The question, Is there too much food television? has elicited some controversy

Over at EATER, they asked five chefs, “Is There Too Much Television?” In general, the answer was yes, even from those on television. Per Andrew Zimmern, “I will say that a lot of producers are making shows where people who have no understanding of food culture are talking about food in terms that misguide the public.” Christina Tosi at Momofuku Milk Bar also had an interesting answer, “If I had to answer, I’d say food TV portrays more of who we are as TV watchers and less of who we are as people in the food industry.”

And Graham Elliot brought up the Michael Symon tweet about Sandra Lee that has gone viral, to wit that, “just heard someone refer to Sandra Lee as ‘chef’…made me a little queasy…” We should note that Symon later clarified his point on Facebook saying, “dont take my comment about ppl being labeled chefs the wrong way..its not snobby..its 30 years of burns, cuts, 100 hr weeks, missed family gatherings..etc…one of my biggest pet peeves..& imho a tremendous insult to those who have come before & after me that have busted their asses in kitchens to earn the title…i put in & take out my own stitches but nobody calls me a doctor..i wasn’t attacking sandra..i was attacking the throwing around of the title ‘chef’.”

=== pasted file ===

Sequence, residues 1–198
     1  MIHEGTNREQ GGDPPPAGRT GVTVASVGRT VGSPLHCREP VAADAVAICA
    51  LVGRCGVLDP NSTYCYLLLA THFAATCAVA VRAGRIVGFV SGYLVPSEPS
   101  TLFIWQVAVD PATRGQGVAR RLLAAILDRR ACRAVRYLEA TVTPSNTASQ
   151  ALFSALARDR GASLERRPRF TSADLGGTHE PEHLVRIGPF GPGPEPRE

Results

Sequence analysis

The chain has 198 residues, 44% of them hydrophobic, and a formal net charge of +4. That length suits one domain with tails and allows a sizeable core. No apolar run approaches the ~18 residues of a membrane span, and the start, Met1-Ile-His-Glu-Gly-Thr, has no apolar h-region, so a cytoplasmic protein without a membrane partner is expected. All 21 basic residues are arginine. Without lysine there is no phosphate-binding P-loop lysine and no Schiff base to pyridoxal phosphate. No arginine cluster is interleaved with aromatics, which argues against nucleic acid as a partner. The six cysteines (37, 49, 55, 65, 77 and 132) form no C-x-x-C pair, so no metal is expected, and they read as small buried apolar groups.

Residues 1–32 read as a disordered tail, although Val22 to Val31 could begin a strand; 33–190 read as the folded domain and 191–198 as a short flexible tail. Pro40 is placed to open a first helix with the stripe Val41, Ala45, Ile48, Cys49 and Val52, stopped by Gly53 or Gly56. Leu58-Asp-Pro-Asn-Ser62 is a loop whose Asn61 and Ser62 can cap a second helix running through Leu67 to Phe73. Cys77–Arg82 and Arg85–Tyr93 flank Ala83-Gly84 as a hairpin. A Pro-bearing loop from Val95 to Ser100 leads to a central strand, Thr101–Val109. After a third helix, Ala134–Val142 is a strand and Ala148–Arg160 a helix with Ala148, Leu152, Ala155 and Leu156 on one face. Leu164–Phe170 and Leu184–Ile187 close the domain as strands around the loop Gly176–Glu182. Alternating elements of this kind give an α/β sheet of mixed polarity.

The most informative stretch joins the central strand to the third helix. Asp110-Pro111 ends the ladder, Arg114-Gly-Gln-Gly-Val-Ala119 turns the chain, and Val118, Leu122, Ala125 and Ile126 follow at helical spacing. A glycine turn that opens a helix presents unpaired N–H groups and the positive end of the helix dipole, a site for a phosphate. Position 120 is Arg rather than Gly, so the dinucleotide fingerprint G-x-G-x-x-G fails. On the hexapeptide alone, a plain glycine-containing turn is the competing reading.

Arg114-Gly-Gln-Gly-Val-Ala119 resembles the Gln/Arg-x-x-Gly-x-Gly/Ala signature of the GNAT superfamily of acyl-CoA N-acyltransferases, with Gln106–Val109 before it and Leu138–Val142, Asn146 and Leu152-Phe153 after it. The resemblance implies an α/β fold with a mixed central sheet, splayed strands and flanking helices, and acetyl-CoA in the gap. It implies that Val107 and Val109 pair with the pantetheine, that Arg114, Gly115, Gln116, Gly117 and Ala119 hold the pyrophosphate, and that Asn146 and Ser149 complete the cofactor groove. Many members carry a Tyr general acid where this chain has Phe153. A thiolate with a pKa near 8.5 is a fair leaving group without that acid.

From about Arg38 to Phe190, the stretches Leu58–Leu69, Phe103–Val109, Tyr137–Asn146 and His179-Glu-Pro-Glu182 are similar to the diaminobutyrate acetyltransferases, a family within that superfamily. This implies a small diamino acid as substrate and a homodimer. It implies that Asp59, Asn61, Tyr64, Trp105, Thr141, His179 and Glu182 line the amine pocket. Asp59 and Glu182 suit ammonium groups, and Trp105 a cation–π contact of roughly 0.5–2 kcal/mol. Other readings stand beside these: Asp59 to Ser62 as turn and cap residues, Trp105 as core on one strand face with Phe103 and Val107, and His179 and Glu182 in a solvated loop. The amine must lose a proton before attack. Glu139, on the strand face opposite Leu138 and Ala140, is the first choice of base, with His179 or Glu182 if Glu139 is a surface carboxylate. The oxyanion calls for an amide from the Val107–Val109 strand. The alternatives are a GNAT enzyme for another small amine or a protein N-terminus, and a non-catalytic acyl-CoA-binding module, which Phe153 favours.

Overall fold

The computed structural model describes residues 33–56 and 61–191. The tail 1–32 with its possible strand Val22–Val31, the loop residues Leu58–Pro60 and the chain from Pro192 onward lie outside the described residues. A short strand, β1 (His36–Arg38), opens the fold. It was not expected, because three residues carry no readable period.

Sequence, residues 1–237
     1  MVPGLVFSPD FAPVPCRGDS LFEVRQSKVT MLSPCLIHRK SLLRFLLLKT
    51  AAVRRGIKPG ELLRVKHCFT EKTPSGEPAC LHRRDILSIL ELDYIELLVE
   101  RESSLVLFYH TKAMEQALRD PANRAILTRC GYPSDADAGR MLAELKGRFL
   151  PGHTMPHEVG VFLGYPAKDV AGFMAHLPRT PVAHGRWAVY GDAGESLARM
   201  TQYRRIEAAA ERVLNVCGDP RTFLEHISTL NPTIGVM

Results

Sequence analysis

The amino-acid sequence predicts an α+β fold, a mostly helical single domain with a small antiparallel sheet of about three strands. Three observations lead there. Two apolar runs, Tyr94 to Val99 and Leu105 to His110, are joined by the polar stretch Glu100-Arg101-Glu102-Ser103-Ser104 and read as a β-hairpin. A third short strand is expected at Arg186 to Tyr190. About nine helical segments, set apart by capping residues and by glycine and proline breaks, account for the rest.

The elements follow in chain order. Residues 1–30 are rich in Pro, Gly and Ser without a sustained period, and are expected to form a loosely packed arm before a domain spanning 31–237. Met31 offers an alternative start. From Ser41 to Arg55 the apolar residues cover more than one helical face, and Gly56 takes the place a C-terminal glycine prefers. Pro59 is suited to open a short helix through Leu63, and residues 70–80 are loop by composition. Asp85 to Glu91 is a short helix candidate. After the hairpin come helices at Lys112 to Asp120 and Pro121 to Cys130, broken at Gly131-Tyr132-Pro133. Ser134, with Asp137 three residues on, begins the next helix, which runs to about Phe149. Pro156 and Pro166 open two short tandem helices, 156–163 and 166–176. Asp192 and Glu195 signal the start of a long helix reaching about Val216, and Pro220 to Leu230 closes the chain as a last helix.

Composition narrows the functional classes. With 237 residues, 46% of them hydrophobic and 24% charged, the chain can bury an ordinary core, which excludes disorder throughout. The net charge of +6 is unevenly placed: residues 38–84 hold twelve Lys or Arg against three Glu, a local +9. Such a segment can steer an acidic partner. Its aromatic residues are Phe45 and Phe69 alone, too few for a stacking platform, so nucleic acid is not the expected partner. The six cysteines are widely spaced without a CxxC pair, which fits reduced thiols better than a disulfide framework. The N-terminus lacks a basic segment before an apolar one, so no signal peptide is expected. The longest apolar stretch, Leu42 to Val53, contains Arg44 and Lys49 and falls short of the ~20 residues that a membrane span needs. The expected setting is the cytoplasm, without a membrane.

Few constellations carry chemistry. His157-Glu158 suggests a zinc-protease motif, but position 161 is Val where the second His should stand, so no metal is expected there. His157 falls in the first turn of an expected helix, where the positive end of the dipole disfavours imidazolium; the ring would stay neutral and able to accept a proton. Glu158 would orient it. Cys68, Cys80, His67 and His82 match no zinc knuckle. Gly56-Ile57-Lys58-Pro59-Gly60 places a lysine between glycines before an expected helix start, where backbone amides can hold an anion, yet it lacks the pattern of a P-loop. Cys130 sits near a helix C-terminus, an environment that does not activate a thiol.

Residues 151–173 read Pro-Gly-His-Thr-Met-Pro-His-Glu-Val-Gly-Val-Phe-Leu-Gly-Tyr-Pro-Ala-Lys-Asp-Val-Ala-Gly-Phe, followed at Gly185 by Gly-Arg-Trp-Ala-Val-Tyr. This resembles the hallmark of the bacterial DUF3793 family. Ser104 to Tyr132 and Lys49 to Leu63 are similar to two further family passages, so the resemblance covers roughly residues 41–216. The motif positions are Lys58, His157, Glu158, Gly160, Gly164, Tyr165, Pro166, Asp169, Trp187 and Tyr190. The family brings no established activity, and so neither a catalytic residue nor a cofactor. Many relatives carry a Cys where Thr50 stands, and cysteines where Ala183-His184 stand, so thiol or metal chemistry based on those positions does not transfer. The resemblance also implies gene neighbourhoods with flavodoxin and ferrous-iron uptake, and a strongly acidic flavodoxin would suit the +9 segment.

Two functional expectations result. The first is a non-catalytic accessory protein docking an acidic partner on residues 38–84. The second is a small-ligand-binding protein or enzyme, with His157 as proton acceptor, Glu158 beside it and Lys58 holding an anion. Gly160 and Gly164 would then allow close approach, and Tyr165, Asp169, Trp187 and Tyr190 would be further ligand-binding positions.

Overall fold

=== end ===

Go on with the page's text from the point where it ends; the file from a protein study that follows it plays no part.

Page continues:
Should you agree that there’s room for alternative entertainment, we thought we might point you in the direction of the TED videos. For those of you not familiar with TED,  (which stands for Technology, Entertainment, Design), it’s a non-profit organization that holds conferences, talks, and produces videos of some very interesting people talking about some very interesting things. The presenters do have to be invited, and the talks have to be under 18 minutes. These talks are presented on TED’s website and on an iPad app as well. Here’s an interesting collection on food that includes Jamie Oliver, Nathan Myhrvold, Peter Reinhart, Malcolm Gladwell, and Michael Pollan. Check them out — these videos define the concept, “food for thought.”

Jamie Oliver on TED

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